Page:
Women's calendar to be streamlined by 2009
LONDON, Nov 21 (Reuters) A major overhaul of women's tennis will be completed by 2009, the WTA Tour said today.
A final decision on a new tournament schedule aimed at shortening the season and getting the top players facing each other more regularly should be agreed by March 2007.
The announcement follows a decision taken by the Tour Board at the recent Championships in Madrid to launch a tournament selection process as part of its Roadmap 2010.
''Today marks a shift into the implementation phase of the Roadmap 2010 that will deliver to fans the stars and rivalries they want to see, and that addresses the issue of player withdrawals caused by a season that is simply too long and gruelling,'' WTA chief Larry Scott said in a statement.
''The Sony Ericsson WTA Tour is the leading global sport for women, but the only means to ensure that we reach our full potential as a sport is to make our calendar more understandable so that fans can clearly follow the circuit.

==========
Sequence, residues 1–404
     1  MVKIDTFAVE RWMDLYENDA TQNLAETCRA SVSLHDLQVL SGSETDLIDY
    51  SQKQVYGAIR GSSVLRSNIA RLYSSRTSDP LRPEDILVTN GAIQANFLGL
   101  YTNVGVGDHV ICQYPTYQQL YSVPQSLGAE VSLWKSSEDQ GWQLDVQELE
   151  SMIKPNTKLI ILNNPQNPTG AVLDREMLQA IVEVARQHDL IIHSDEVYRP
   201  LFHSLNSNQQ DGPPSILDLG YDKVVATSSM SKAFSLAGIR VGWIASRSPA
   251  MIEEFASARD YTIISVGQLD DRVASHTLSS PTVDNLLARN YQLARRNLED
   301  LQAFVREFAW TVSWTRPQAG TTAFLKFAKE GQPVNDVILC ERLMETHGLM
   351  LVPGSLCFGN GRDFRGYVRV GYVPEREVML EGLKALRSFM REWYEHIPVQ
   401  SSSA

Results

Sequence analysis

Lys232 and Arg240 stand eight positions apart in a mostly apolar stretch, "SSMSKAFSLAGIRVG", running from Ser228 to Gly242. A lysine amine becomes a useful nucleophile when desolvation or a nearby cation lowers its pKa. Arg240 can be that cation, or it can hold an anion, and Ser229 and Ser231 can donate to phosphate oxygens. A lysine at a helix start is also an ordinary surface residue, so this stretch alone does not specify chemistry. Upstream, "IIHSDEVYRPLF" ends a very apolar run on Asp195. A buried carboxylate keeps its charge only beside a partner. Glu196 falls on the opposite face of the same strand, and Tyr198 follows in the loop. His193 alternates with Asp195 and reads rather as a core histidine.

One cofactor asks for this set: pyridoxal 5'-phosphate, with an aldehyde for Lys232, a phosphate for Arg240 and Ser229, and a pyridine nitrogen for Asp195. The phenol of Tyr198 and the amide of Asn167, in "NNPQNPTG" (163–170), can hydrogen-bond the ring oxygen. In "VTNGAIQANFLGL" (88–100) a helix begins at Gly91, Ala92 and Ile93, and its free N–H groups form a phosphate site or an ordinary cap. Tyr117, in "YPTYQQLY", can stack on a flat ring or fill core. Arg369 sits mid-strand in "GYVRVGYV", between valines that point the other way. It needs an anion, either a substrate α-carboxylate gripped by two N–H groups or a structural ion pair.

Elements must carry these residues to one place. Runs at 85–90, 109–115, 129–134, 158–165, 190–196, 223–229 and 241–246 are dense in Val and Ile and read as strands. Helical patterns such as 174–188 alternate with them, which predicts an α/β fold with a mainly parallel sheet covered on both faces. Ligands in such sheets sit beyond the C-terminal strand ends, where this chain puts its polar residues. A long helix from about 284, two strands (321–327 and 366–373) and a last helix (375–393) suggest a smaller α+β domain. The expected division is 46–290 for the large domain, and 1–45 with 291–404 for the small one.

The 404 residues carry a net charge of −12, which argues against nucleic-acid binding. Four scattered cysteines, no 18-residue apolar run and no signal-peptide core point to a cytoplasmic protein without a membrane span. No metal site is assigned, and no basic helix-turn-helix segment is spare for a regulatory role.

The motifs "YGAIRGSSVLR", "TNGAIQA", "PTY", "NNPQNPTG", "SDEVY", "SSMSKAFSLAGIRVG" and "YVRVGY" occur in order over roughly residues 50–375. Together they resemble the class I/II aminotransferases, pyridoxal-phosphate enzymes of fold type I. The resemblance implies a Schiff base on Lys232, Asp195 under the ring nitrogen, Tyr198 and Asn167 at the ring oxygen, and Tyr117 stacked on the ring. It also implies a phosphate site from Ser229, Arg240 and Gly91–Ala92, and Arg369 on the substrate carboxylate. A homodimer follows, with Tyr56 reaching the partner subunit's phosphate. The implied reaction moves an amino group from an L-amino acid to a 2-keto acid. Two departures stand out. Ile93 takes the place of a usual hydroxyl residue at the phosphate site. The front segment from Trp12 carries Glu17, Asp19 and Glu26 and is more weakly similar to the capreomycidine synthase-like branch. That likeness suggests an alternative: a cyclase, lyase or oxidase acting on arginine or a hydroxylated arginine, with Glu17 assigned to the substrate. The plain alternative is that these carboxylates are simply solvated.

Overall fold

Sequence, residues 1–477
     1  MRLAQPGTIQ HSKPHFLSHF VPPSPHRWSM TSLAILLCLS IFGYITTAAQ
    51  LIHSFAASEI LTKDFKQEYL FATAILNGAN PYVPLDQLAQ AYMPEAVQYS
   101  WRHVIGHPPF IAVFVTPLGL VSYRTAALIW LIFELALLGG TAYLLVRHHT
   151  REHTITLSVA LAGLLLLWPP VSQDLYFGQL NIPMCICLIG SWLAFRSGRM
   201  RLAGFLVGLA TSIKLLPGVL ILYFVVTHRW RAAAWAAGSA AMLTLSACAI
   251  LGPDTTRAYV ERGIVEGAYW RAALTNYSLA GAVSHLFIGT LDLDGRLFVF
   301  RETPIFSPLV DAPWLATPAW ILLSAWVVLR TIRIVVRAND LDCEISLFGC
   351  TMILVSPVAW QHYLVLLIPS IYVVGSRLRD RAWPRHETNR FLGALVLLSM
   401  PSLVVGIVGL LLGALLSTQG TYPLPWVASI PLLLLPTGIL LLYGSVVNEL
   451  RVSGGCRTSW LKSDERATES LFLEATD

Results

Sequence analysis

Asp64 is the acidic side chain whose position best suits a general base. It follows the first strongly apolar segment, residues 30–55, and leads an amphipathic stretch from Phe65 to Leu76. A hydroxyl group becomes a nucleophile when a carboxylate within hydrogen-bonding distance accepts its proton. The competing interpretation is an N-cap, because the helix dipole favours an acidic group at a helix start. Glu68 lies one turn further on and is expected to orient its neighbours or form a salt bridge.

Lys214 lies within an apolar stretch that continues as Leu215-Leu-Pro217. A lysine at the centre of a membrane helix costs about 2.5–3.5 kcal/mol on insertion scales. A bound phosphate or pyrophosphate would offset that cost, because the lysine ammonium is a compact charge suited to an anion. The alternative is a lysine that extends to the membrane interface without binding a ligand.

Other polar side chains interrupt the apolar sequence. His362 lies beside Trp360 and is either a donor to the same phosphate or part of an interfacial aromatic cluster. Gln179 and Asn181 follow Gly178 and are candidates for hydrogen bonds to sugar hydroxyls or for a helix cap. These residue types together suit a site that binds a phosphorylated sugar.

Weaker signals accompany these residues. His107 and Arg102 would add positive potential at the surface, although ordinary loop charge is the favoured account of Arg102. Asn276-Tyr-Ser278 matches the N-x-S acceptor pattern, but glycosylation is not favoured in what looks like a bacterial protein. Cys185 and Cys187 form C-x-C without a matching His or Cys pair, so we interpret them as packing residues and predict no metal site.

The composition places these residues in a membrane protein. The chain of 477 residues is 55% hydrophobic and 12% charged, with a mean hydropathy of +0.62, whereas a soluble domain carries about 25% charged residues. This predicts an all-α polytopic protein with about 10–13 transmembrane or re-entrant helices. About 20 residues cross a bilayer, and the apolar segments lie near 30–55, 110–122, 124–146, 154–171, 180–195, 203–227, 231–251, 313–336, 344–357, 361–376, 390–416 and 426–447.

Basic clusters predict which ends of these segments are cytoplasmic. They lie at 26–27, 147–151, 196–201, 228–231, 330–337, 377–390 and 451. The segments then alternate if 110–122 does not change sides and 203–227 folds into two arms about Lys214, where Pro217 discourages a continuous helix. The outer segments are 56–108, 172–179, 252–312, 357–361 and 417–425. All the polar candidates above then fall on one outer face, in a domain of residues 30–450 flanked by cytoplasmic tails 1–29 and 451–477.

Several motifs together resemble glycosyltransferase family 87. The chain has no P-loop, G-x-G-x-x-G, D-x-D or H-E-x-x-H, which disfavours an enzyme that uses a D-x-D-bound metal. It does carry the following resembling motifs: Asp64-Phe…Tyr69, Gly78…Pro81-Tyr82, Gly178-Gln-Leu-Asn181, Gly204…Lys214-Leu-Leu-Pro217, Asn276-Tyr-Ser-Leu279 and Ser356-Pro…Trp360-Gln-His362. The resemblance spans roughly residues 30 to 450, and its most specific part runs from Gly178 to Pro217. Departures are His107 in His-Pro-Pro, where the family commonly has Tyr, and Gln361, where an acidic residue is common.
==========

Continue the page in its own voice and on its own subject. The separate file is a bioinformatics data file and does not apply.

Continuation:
''It will be more streamlined and logical so that our biggest stages are bigger and consistently feature the best players competing against one another.
''This is what our fans, players, tournaments, broadcasters and commercial partners deserve, and what our Roadmap plan will deliver by 2009.'' The re-structuring of the women's game would mean the season finishing in October and the number of tournaments top players are expected to play would drop from 13 to 11.
There would also be more breaks built into the calendar after grand slam tournaments.
WTA Tour board member and tournament council chairman said that keeping the status quo ''was not an option'' and would insure that the world's top players would spend less time injured.
In October Scott called for the speeding up of the Roadmap 2010 after a rash of player withdrawals.
Then world number one Amelie Mauresmo retired from the Zurich Open while world number two Maria Sharapova pulled out of the Moscow tournament with a bad foot.
Others such as former world number one Serena Williams and Kim Clijsters have also been blighted by injuries throughout their careers.
Last week the WTA Tour passed a series of interim rule changes that would come into effect next year.
They include a minimum tournament commitment reduction from 13 to 12 and that all late-season tournaments would be played on the same surface and with the same tennis balls.
Players who have played on the tour for 12 years or more will only be committed to play 11 tournaments.
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